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This note presents selected findings based on the set of well-being indicators published in How's Life? 2017.
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Australia’s population is healthier than the OECD average, considering life expectancy and other general measures of health status. Smoking consumption is also low, as is exposure to air pollution. But obesity rates are the fifth highest in the OECD. Further, despite universal health coverage, a relatively high share of the population reported skipping consultations due to cost. Quality of care indicators also show mixed results.
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Selected findings for Australia from the report "Preventing Ageing Unequally"
Government at a Glance provides a dashboard of key indicators to help you analyse international comparisons of public sector performance.
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Selected findings for Australia from the report "The Pursuit of Gender Equality: An Uphill Battle"
Australia’s overall performance in the Survey of Adult Skills (PIAAC) ranges from average to very good. However, three million adults, representing one-fifth of the working age population, have low literacy and/or numeracy skills. Building Skills for All in Australia describes the characteristics of the low-skilled and discusses the consequences that low skills have on economic and social development for both individuals and Australian society. The review examines the strengths of the Australian skills system, highlighting the strong basic skills found in the migrant population, widespread proficiency in use of ICT and the positive role of workplaces in skills development. The study explores, moreover, the challenges facing the skills system and what can be done to enhance basic skills through education, training or other workplace measures. One of a series of studies on low basic skills, the review presents new analyses of PIAAC data and concludes with a series of policy recommendations. These include: increasing participation of women in STEM fields, addressing underperformance of post-secondary VET students and preventing drop-out, improving pre-apprenticeships, enhancing mathematics provision within secondary education and tackling poor access to childcare facilities for young mothers.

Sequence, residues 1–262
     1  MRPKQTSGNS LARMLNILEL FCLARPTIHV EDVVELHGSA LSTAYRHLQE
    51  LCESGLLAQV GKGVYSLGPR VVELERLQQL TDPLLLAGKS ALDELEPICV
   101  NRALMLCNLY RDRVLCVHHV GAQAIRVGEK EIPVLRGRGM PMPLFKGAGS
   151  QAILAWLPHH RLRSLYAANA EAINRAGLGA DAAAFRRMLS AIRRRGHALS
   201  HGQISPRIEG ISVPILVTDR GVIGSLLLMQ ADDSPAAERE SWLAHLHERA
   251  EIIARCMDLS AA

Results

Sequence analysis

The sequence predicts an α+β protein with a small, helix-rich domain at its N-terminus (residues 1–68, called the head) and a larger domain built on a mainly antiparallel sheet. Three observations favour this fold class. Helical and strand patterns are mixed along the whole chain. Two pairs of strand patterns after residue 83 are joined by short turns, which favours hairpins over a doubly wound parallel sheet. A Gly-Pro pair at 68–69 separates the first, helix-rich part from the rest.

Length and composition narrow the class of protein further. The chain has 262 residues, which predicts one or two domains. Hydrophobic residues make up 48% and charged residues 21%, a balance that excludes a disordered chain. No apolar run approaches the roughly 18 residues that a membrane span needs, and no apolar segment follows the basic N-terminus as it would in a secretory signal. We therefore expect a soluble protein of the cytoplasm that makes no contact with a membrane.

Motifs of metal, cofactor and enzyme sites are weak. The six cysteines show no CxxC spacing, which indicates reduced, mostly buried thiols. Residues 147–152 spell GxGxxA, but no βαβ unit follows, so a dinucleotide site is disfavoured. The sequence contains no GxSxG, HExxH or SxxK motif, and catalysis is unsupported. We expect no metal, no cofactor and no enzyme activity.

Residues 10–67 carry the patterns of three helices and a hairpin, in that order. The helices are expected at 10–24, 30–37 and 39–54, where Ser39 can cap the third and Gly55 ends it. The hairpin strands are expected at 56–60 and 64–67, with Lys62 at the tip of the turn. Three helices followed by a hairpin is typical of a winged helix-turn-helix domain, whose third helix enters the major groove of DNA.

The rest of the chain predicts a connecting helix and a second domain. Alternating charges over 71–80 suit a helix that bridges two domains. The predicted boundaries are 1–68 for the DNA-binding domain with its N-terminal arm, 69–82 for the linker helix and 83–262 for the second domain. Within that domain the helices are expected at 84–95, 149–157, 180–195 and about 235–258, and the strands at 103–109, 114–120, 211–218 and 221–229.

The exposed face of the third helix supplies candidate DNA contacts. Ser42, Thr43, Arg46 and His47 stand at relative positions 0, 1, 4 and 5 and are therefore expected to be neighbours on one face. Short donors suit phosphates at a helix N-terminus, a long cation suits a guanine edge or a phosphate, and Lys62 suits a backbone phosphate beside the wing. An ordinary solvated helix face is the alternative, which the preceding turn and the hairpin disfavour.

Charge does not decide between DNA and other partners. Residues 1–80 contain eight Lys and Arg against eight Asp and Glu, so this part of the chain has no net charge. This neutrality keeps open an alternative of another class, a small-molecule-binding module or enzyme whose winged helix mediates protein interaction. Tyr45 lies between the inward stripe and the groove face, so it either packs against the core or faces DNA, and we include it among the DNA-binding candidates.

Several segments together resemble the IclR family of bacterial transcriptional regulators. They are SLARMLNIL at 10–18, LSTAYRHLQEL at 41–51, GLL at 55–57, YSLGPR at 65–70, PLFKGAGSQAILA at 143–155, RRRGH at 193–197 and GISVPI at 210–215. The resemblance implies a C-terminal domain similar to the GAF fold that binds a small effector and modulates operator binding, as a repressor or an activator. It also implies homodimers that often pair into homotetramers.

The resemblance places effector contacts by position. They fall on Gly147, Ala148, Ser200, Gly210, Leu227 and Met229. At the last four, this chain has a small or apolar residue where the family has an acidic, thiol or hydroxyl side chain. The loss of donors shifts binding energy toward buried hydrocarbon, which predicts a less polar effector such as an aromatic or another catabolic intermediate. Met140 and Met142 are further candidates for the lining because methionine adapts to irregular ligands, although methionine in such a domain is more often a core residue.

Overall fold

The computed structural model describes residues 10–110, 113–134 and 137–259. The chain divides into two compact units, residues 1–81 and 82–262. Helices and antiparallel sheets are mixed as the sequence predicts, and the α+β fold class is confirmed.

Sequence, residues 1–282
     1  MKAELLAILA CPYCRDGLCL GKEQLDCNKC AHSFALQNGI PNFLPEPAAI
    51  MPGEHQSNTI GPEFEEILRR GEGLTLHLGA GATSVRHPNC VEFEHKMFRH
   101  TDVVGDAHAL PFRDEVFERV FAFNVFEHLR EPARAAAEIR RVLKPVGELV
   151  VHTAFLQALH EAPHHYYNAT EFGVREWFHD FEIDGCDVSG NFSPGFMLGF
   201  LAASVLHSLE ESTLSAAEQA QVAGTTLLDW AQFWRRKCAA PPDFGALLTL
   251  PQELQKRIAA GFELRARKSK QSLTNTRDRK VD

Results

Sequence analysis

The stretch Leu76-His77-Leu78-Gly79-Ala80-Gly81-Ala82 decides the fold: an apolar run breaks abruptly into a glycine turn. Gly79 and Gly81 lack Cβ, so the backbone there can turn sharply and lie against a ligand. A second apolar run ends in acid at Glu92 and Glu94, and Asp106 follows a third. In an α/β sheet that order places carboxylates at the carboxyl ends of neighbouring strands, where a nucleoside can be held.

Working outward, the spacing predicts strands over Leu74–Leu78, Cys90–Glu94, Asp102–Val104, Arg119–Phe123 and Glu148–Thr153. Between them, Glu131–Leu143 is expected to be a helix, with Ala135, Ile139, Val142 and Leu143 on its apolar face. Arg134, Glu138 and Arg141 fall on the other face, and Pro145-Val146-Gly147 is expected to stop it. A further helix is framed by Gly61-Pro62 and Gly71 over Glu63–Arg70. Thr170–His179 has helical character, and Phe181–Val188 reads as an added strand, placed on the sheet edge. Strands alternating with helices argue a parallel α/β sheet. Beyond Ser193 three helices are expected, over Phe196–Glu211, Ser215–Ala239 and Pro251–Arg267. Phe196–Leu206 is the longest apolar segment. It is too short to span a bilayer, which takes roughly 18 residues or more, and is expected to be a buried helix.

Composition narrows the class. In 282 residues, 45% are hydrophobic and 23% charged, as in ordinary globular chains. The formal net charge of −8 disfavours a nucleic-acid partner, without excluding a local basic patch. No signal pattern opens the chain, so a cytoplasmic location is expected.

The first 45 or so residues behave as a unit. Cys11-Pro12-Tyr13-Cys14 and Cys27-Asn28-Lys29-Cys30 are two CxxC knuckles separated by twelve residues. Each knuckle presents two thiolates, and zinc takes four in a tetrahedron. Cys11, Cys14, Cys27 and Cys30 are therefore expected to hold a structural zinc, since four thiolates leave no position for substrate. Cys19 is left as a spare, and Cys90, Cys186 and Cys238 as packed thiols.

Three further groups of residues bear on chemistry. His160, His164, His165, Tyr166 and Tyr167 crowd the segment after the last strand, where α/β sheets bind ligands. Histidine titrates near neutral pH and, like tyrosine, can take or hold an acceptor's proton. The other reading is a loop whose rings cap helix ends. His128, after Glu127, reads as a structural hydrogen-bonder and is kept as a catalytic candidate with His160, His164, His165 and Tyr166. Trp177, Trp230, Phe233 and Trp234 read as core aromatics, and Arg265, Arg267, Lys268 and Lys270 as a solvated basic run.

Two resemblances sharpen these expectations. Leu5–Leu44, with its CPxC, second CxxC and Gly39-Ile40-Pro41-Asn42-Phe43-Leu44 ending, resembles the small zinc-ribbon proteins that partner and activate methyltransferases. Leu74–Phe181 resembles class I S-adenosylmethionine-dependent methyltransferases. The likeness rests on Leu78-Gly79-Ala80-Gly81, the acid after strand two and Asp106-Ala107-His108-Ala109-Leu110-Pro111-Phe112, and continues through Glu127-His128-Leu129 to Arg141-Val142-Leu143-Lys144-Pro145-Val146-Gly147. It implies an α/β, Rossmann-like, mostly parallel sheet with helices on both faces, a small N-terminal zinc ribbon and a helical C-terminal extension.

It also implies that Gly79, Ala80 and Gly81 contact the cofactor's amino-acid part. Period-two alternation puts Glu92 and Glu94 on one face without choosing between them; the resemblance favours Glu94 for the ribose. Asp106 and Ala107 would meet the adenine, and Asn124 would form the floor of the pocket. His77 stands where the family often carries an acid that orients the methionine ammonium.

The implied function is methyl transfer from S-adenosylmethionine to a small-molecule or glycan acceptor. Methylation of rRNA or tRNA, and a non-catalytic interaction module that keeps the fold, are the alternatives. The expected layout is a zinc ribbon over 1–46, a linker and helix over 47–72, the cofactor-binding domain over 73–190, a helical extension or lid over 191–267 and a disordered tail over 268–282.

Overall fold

This report contains the 2017 Peer Review Report on the Exchange of Information on Request of Australia.
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Australia’s working-age employment rate (66% in the first quarter of 2017) substantially exceeds the OECD average (61%), and the unemployment rate (5.8%) remains slightly below the OECD average (6.1%).
The tax burden on labour income is expressed by the tax wedge, which is a measure of the net tax burden on labour income borne by the employee and the employer.
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Australia had the 28th lowest tax wedge among the 35 OECD member countries in 2016. The country occupied the same position in 2015. The average single worker in Australia faced a tax wedge of 28.6% in 2016 compared with the OECD average of 36.0%.